SEATTLE, Wash. — The Montlake Tower addition to the University of Washington Medical Center recently opened. The eight-story, $215-million expansion will provide additional space for premature babies, cancer patients and the latest in radiological imaging technology. Oncology, radiology and a neonatal intensive-care unit each will have a floor in the tower; two other floors will serve computer-service functions and three floors are slated for future clinical use.
The tower is one of the most energy-efficient hospital additions in the Pacific Northwest, outperforming Seattle’s energy code by approximately 30 percent and the national baseline code by an estimated 33 percent. It is among the first facilities to employ recommendations of a 2010 energy-reduction study by the UW’s Integrated Design Lab and a consortium of architects, engineers and builders. Reduced power requirements brought by LED lighting, solar shading and other advantages are projected to save UWMC approximately $276,000 in energy costs annually.
The tower was designed by NBBJ and built by Skanska USA. The project was funded by a mix of UW Medical Center cash and debt. Planning began in 2005 and construction started in 2007. Contractors completed the project on time and on budget.
In addition to a modern, patient and family focused NICU, the tower also houses a 30-bed unit for oncology patients, additional MRI and CT scanners and new state-of-the-art interventional radiology and hybrid procedure rooms.
Patient rooms are located along the tower’s periphery to allow natural light to stream in through large windows and spill into corridors through the rooms’ frosted-glass doors, which slide rather than swing open. In addition, patient rooms and corridors have cushioned flooring for safety and sound absorption. South-facing rooms maximize solar shading and views of Portage Bay, Lake Washington and Mount Rainier, while north-facing rooms overlook a landscaped courtyard of bamboo groves and river cobblestones that glow with colorful lighting at night.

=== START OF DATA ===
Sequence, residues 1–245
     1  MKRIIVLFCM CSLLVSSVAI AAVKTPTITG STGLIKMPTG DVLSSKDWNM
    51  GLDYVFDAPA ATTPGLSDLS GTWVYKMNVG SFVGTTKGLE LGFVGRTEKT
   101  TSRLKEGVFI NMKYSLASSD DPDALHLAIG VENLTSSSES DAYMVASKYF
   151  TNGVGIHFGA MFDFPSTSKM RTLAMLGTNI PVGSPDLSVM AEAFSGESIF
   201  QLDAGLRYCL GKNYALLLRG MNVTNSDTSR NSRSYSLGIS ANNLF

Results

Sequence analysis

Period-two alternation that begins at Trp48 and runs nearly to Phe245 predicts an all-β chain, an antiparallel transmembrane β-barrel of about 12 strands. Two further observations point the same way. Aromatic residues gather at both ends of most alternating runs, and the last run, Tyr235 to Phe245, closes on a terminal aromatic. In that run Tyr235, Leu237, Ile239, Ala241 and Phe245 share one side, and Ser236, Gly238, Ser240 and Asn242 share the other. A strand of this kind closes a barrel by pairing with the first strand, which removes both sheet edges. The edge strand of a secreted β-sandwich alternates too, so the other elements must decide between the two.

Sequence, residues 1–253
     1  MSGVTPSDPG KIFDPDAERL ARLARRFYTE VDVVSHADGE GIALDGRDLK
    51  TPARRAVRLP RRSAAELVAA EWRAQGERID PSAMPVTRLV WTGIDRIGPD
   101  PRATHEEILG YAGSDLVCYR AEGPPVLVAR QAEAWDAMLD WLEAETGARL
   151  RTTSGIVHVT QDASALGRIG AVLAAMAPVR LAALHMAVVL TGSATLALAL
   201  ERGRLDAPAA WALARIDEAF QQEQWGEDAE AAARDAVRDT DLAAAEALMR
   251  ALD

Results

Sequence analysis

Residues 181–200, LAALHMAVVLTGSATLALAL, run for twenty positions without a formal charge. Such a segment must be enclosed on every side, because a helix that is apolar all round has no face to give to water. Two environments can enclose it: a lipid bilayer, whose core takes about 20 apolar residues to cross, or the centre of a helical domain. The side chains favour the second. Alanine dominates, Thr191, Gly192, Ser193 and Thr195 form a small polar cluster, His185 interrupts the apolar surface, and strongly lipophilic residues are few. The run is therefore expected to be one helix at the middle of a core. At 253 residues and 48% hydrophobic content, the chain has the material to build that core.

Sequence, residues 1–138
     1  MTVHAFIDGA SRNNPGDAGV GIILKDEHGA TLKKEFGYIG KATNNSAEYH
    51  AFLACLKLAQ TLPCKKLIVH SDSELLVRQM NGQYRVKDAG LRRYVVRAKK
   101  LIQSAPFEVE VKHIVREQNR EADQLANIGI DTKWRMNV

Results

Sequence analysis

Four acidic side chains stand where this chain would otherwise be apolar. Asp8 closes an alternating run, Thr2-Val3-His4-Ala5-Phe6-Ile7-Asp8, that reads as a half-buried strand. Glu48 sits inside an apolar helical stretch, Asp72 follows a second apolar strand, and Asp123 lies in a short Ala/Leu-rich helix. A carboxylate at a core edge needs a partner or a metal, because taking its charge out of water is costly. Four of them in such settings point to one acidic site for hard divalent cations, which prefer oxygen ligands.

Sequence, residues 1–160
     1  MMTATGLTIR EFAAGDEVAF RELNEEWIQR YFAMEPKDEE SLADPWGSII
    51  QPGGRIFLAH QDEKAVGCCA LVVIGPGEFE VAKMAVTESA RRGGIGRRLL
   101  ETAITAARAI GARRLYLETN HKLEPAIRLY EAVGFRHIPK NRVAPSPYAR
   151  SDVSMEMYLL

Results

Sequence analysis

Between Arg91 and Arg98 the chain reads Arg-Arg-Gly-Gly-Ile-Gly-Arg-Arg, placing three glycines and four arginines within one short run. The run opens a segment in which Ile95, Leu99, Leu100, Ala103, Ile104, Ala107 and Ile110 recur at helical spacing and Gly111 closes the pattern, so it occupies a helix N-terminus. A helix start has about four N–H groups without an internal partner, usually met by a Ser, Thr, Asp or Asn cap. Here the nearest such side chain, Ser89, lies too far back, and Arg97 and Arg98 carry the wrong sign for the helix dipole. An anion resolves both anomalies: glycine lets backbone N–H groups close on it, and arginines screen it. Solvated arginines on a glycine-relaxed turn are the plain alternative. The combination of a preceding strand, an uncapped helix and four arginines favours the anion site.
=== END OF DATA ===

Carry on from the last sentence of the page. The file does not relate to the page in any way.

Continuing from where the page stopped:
The second-floor radiology unit features top-of-the-line imaging instruments at the forefront of capability, improving patient access to highly specialized exams.
In addition to abundant natural light, patient areas have wheelchair-accessible hand-washing sinks and “front porch” benches along the corridors for patients and their families. The new fourth floor NICU can accommodate 47 infants in 39 single rooms and four rooms for twins. Each room’s lighting is customized to protect the neural development of premature infants. Two isolation rooms have different air pressurization for infants with infectious disease.
The oncology unit on the eighth floor features a 30-bed expansion. To accommodate families, patient rooms on this floor are slightly larger. Bedside portals include plug-ins for laptops and video-game consoles, while dialysis connections on both sides of the bed allow patients to receive IVs in either arm. A nearby conditioning room provides patients with easy access to physical and occupational therapy. Other safety measures include lifts above each bed to help hospital staff move patients, and dual sinks in each room. Both the oncology unit and the NICU have spacious lounges for families, who are often displaced from their homes for weeks or months. The lounges feature comfortable, contemporary furniture, floor-to-ceiling windows, a kitchenette, washer-dryer and a shower.
To accommodate further growth, the Montlake Tower project provides future expansion space for two more MRIs and up to eight operating rooms, as well as three more floors of patient rooms for either 24 ICU beds or 32 medical-surgical beds on each floor. Photography by Benjamin Benschneider.